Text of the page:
What to do if my employer wants be to sign a “last chance” agreement?

Today my employer gave me a document to sign, saying that if I don’t sign I will be terminated. It is a “last chance agreement” saying I refuse to comply with company policies and procedures. I do not agree with some of the things they have written or want. I feel they are picking and harassing me for speaking up on issues that I have had with my bosses and fellow employees. They are making me look like the employee with an issue when all I wanted was to make the work place better, run better and more efficiently. I have until tomorrow to sign it and return it or be terminated.

Asked on April 10, 2014 under Employment Labor Law, California


Micah Longo / The Longo Firm

Answered 6 years ago | Contributor

Most states are at-will employment states.  Simply put, you can be fired for wearing white shoes after labor day.  My point is that you can be fired for any reason, as long as it is not an unlawful reason.  An example of an unlawful reason would be firing you because of your race, national origion, gender, religion, or age.

Also, you must understand that courts do not look at the business decisions of employers.  Your boss may be running the business into the ground, but he's still the boss and free to fire whomever he wants for whatever reason. You just can't be fired for being a member of a protected class (race, national origion, religions, age, gender).

SJZ, Member, New York Bar / FreeAdvice Contributing Attorney

Answered 6 years ago | Contributor

You have a simple choice: sign it or be terminated. Unless you have an employment contract for a definite term (e.g. for 2 years) which has not yet expired, you are an employee at will; that means that your employer may fire at any time, for any reason--including for "speaking up on issues" with the workplace, supervisors, or co-workers--without provoding prior notice. Thus, they can fire you if you do not sign. There is no right to free speech in the work place, and no right to bring up issues or try to improve the work place--even if you are 100% correct about everything, you do not have the right to do these things.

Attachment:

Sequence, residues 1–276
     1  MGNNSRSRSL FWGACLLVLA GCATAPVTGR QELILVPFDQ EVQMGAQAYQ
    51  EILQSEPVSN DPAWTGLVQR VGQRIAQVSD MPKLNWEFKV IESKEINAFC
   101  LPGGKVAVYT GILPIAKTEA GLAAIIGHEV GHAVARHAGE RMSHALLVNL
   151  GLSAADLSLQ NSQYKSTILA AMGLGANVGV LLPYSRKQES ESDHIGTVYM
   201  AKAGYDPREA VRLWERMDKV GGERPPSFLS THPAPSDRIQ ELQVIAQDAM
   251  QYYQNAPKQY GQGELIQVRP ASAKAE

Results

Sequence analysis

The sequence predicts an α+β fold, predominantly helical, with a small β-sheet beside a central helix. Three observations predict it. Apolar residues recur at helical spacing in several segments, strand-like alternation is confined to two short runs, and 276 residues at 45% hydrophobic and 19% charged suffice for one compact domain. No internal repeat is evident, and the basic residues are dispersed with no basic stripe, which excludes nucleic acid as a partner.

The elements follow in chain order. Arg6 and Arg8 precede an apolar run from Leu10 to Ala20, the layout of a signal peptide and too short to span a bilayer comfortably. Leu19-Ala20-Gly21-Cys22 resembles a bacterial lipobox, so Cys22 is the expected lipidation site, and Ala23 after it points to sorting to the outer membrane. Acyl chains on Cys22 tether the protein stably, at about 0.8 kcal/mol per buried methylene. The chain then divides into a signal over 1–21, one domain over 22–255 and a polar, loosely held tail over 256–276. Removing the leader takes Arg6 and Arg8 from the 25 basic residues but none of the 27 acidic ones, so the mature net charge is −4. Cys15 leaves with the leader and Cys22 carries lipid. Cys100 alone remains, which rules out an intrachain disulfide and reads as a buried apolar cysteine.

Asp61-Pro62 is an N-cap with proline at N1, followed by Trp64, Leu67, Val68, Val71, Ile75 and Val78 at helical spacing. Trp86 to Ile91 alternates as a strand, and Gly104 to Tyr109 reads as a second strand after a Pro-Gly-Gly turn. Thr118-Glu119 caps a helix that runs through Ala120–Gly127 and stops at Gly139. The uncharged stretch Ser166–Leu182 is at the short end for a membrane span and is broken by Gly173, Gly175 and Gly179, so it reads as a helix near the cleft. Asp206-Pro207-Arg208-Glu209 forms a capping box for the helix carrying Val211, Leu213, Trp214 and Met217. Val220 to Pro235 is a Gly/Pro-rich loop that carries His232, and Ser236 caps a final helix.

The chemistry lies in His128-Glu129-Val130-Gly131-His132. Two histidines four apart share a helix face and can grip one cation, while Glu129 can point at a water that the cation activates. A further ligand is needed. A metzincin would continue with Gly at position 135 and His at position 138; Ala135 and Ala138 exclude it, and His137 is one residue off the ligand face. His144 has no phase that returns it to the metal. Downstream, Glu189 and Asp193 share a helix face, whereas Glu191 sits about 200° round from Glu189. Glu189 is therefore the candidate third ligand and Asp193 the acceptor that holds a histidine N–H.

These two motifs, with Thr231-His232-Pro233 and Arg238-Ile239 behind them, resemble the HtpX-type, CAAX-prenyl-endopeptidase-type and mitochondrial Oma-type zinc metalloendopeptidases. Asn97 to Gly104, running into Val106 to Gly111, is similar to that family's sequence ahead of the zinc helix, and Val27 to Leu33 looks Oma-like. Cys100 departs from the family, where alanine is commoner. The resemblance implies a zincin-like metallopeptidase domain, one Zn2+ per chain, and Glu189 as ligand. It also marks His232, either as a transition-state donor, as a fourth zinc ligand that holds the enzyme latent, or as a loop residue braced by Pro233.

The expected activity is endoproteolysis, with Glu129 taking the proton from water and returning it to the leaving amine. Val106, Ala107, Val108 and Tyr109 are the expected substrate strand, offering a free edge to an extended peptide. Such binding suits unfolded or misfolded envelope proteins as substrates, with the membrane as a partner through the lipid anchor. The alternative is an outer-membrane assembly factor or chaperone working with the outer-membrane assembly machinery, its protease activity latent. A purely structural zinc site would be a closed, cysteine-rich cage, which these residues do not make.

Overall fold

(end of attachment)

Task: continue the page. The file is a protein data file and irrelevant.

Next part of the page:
IMPORTANT NOTICE: The Answer(s) provided above are for general information only. The attorney providing the answer was not serving as the attorney for the person submitting the question or in any attorney-client relationship with such person. Laws may vary from state to state, and sometimes change. Tiny variations in the facts, or a fact not set forth in a question, often can change a legal outcome or an attorney's conclusion. Although AttorneyPages.com has verified the attorney was admitted to practice law in at least one jurisdiction, he or she may not be authorized to practice law in the jurisdiction referred to in the question, nor is he or she necessarily experienced in the area of the law involved. Unlike the information in the Answer(s) above, upon which you should NOT rely, for personal advice you can rely upon we suggest you retain an attorney to represent you.